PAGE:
KYIV, Ukraine — Israelis should not count on rescue flights to get them out of Ukraine in case of war, Israel’s envoy in Kyiv Michael Brodsky said Tuesday, urging them to leave before it’s too late.
“There might be a situation where no one will be able to be rescued from here, you might have to go to the west and cross the border to Poland or Romania,” he said, speaking to the Times of Israel from his office on Tuesday. “In this case, it means it’s already a state of emergency and the whole country will go to the west. It will be a nightmare.”
There are still around ten thousand Israelis in the country, he estimated, mostly in Kyiv, but also in Kharkiv, Dnipro, Odessa, and Uman, a city that has turned into an important Hasidic pilgrimage site.
“Uman always attracts Israelis, no matter what,” said Yoav Bistritsky, deputy head of mission.
About 6,500 Israelis have registered with the embassy through an online link.
“I would prefer the pace to be higher,” said the Saint Petersburg-born Brodsky. “At the moment, it’s not bad. I think people have digested the situation. More than 2,000 have already left.”
The diplomats and their colleagues at the embassy are working nearly around the clock to help Israelis leave the country if they want to. Both men have been getting only four hours of sleep a night.
Flights on Israeli airlines are now nearly full, Brodsky said. A direct flight was added from Kharkiv in order to bring back students, mostly Arab Israelis, who are studying in the city.
According to Brodsky, Ukrainian universities were initially unwilling to make concessions for Israeli students who decided to evacuate and requested permission to attend lectures online. The students asked the embassy to intercede with the schools and Ukraine’s Education Ministry, and the matter was eventually sorted out.
The embassy staff, which usually numbers five diplomats in addition to local staff and security personnel, is keeping up with the pace of consular requests, especially after reinforcements arrived on Monday.
“Whoever comes will get service,” said Brodsky.
Around 50 people showed up in person on Monday for consular services, with dozens more submitting requests online. Israelis are urgently trying to register newborn babies, renew travel documents, have their COVID-19 vaccination status recognized, and even arrange for their pets’ travel.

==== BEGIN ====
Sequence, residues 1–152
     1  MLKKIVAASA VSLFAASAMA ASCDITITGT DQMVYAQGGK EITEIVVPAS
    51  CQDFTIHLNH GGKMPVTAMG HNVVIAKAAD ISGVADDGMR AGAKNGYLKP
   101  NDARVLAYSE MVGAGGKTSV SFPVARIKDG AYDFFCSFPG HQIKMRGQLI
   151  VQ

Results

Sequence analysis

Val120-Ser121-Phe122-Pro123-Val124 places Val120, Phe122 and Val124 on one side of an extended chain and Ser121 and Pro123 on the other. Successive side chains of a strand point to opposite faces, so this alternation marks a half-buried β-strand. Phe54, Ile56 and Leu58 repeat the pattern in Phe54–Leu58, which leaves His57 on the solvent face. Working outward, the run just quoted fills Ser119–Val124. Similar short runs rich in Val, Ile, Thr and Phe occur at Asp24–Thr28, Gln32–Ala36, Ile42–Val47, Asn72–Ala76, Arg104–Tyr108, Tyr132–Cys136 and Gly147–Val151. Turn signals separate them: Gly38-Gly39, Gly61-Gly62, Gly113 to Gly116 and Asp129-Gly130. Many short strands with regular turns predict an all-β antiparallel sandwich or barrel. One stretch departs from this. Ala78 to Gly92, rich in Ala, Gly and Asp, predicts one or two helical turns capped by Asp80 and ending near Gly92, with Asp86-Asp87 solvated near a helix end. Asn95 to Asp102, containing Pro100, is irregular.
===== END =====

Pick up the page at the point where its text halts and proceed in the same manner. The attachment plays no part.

However, there has been no spike in applications for immigration.
A temporary consular office in the western city of Lviv is expected to open Wednesday, said Brodsky. The office will be located in a building owned by Israel’s honorary consul-general in the city.
Opening the office is less of a departure from norms than it may seem, said Bistritsky. The embassy does so every September in order to accommodate the masses of Israel pilgrims making their way to Rabbi Nachman of Bratslav’s grave in Uman for Rosh Hashana, the Jewish New Year.
“For us, opening up another office is sort of common practice,” he said.
Bistritsky’s wife and children flew back to Israel on Sunday, he said, and are attending Zoom classes at Kyiv’s International School. Diplomats with younger children will have to find kindergartens and daycare for them in Israel.
The embassy is not leading the efforts to prepare for a potential evacuation of tens of thousand of Ukrainian Jews. That complicated operation would be handled primarily by the Nativ Liaison Bureau, the Jewish Agency, American Jewish organizations, and even some Christian groups. The embassy, said Brodsky, is focused on helping Israelis.
In addition to staying in close contact with other foreign diplomats, said Bistritsky, he is busy handling tasks like speaking to Ukraine’s State Aviation Administration to ensure there are enough slots for Israeli flights.